Flite Technology's 38 Step General Procedure For Feed Screw Rebuilding
Primary Flights Only
1. Prepare screw for pre-work inspection. Remove plastic, rust, etc., utilizing chemical cleaners, heat of grit blasters, as required.
2. Complete detailed pre-work inspection report. Record screw LD. Numbers, flight O.D.s, flight O.D.s, flight widths widths, root O.D.s, O.A.L. seal dimensions, drive conditions, Rockwell hardness, itemizes additional damage, and a wear analysis is implemented.
3. Screws are checked for metal fatigue, cracks by dye penetrant or megna flux testing. (Note: As through as feed screws are inspected, some cracks do not show up until they are being welded or ground. Hence, screws are checked a number of times during the rebuilding process.)
4. Processors is called to confirm price, delivery and scope of repair before any work is done.
5. Customers requesting blueprints of their screws for future placement of manufacture orders are made at this time.
6. Detailed four page, step-by-step work orders are issued to the shop. Work orders have questions for each machine operator to state the method, material, and dimension or specifications obtained at his work station.
7. Screws are centered and straightened, removable tips are taken off, and tip counterbores are checked for concentricity.
8. Hard chrome or other plantings/coatings, if present on the root diameter, are chemically removed.
9. Stress relieving is done as required.
10. Existing hardfacing is entirely ground off. Some of our competitors try welding new hardfacing onto old hardfacing to save money and then wonder why it is full of cracks and falling off.
11. If screws are extremely undersized or have to be severely underground to remove existing hardfacing, a "buffer" layer of steel may be applied between the new hardfacing and the base metal of the screws.
12. Screws are pre-heated and maintained to exact temperatures required for specific hardfacing material and welding methods.
13. Major weld repairs of modifications are completed. Serious flight width deterioration is rectified. Please note: Flite Technology, Inc., considers minors root repairs, bearing section and register rebuilding as part of the rebuilding process and does not charge for this additional work or service.
14. Flight surfaces are cleaned with chemical solvents and/or abrasive which is required for excellent adherence.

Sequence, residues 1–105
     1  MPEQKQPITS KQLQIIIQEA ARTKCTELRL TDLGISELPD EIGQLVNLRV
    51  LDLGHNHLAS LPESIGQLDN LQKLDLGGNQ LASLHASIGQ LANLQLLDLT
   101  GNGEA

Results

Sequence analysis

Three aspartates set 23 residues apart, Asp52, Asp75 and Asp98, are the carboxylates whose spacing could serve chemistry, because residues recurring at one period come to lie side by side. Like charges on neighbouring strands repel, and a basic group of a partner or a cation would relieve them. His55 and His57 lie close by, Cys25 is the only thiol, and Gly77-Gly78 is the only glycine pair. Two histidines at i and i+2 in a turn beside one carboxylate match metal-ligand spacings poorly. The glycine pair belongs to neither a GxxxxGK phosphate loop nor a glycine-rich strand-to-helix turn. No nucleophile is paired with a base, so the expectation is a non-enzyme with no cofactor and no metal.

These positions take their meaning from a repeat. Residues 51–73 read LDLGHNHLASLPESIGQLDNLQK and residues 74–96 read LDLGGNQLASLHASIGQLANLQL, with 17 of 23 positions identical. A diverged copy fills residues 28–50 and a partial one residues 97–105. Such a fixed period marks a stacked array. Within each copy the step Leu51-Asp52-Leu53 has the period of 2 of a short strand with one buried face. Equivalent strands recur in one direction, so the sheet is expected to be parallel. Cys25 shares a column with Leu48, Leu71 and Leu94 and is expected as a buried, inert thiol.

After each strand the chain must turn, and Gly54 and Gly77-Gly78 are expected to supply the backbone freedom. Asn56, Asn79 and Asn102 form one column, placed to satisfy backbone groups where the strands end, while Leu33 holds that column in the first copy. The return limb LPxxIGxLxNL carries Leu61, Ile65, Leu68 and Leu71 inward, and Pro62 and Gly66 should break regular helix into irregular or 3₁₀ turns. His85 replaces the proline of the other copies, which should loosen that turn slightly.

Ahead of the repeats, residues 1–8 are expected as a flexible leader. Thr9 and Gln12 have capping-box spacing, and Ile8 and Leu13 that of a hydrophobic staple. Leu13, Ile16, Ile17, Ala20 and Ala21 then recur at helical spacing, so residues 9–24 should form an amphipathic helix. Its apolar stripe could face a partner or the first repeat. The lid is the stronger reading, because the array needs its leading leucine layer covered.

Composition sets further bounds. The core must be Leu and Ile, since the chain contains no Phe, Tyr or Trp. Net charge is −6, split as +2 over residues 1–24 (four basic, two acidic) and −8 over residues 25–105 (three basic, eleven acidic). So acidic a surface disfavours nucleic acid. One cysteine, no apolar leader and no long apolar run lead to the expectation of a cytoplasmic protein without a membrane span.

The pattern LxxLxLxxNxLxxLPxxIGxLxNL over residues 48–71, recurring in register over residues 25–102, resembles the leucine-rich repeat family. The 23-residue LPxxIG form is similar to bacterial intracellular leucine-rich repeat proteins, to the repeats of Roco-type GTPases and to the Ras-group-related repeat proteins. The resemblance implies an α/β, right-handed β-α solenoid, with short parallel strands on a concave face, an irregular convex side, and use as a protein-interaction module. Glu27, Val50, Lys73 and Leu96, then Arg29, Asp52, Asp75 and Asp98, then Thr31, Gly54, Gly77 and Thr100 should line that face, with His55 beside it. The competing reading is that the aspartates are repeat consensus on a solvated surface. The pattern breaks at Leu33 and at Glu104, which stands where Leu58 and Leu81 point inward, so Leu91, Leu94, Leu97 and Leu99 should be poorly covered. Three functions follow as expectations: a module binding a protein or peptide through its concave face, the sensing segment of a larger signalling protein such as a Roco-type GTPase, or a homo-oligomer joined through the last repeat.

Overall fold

15. Hardfacing is applied. Welded samples, is required, are available for metallurgical and microstructure evaluation.
16. Screws are immediately placed in and covered with a vermiculite for nad approximate 48 hours cool down period to eliminate cracking as much as possible.
17. Stress relieving is done, as required.
18. Straightened occurs.
19. Rough grind screws to an even over-size dimension.
20. Stress relieving done, as required
21. Screw flight sides are ground
22. Damage requiring weld repair is milled at this time.
23. Rough polishing begins.
24. Stress relieving done as required.
25. Through in-process visual inspection, aided as necessary, by dye penetrants or magna flux testing, is preformed.
26. Extruder screws are checked for cooling hole blockages and are hydrostatically tested. All damaged threads are corrected
27. Injection screws have registers ground concentric with root diameter and screw ends are faced off. Extruder screws with removable rips have connecting ends ground for good tight fir.
28. Finish polishing.
29. Extensive dimensional and surface inspection is done.
30. Plating or root treatments are applied, as required.
31. Antiseize compound is applied to tip threads.
32. A final check for straightness is preformed
33. Finish grinds the O.D and seal area.
34. Buff finishes the root diameter.
35. Stamp identification number into part.
36. Complex final inspection is preformed.
37. Rust inhibitor is sprayed onto screw.
38. Screws are wrapped in oiled paper. The unit is crated and shipped.